Could you first introduce yourself to the reader, and tell us about Chronic Insanity?
My name is Joe, I’m a theatre maker and creative technologist currently based in Nottingham and I’m the co-artistic Director of Chronic Insanity. Chronic Insanity is a theatre company I run with Nat Henderson that aims to put on a high quantity and quality of lo-fi fringe theatre in found spaces with focuses on sustainability, accessibility, and creating opportunities for local theatre makers.
What did a typical day look like for you before Covid-19, and has it changed subsequently?
We were fortunate enough to have received an Arts Council grant just before lockdown hit, and we’ve had a few small commissions and pieces of funding since to keep us going. We’ve tried to keep to a similar day to day way of working by actively developing new projects with new collaborators, and rethinking the way that we involve people in the work that we make. I’ve also started consulting with some other live performers about how to best adapt their work to digital performance spaces.
Just before Covid struck, Chronic Insanity had launched a 12 shows in 12 months project. What was the plan for that – obviously beyond putting on a show a month?
We started the project for various reasons. We wanted to challenge ourselves and we wanted to put on a large amount of varied performances to learn more about what kind of work we like making and our audiences like seeing. We came up with the idea in April 2019 and we planned for the next few months in order to be ready to launch with our first production in September later that year. We were one ahead, with seven shows staged in six months, before Covid hit, so we took some time to reflect and we decided to pivot into digital theatre to be able to keep making work for people.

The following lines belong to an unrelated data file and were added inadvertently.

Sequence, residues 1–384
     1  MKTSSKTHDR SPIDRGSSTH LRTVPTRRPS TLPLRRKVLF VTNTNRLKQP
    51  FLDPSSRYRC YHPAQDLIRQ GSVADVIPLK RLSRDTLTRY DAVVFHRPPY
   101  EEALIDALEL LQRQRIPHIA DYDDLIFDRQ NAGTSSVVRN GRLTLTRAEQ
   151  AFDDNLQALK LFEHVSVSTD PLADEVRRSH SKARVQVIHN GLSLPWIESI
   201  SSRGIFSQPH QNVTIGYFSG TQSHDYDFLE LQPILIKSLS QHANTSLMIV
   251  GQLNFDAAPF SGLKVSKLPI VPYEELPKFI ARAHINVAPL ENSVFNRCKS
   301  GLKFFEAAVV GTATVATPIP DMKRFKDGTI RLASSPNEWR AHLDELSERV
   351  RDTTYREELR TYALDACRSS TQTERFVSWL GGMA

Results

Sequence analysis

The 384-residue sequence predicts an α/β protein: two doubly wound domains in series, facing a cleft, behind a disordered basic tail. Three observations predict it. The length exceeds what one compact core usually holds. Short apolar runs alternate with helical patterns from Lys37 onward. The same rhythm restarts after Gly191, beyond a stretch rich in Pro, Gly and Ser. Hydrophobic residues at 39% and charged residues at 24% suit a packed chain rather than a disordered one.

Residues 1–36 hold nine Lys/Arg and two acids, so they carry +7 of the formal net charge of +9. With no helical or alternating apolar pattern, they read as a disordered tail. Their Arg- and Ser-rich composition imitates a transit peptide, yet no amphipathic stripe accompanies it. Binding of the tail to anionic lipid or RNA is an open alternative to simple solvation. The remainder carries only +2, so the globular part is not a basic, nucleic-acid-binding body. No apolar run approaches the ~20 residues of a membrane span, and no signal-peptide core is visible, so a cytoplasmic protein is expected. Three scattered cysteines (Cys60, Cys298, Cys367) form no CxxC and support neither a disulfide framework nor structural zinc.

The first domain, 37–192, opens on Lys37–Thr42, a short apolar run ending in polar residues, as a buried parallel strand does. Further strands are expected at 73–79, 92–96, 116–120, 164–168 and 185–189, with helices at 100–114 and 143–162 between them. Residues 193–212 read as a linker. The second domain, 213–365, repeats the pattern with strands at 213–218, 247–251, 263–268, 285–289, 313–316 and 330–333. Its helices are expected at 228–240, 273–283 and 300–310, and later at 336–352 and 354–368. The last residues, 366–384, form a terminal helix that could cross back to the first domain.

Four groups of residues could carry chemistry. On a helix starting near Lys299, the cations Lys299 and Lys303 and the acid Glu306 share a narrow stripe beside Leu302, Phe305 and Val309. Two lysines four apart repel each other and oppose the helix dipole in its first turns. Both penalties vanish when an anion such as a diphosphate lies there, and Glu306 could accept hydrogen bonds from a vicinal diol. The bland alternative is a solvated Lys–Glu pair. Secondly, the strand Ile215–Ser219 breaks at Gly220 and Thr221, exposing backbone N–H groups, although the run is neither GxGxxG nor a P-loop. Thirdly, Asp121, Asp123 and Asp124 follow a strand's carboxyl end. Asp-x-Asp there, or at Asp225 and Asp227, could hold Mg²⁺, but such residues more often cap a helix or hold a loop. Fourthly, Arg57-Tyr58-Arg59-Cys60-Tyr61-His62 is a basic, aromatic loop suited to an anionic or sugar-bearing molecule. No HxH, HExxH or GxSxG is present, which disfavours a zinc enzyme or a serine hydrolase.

You’ve pivoted quickly and are now releasing three shows over three months. Are these from the original 12?
Two of these shows we’ve adapted from performances we were planning on staging this summer, one at the Edinburgh Fringe and another in conjunction with Nottingham Pride. The other one is a new piece very much inspired by the digital theatre technology we’ve been experimenting with during lockdown.
Tell us more about the work that went into that pivot. What considerations did you have to make?
I’m currently completing a PhD researching mixed reality storytelling and blending digital technology and theatre making practices. This meant that we’d been talking about what makes a good piece of digital theatre before lockdown had hit, already having made a few examples. The important consideration was being aware that traditional theatre can’t just be adapted into digital theatre. They’re intrinsically different media, like how a good book won’t automatically make a good film adaptation. An important consideration is to maybe start thinking from scratch about what stories to tell in this new medium, how do you tell them with the technology at hand and for which digital audiences and communities are they being told for.
Can you tell us about the shows that make up your Digital Summer Season?
We’re doing a production at the end of each month this summer. The production for June is Conduit, which follows a character using various different forms of technology, some people won’t have seen before, to feel closer to their currently absent partner. Our July production is Myles Away, that looks at capitalism and discrimination and follows an ousted tech company founder as they try and take back what’s rightfully there’s. Our August production is called 52 Souls and it is a pick and mix variety theatre show in which the audience uses a pack of cards to randomly generate a series of short performances examining death and mortality.
Were the shows ready made for a virtual experience, or did you adapt them?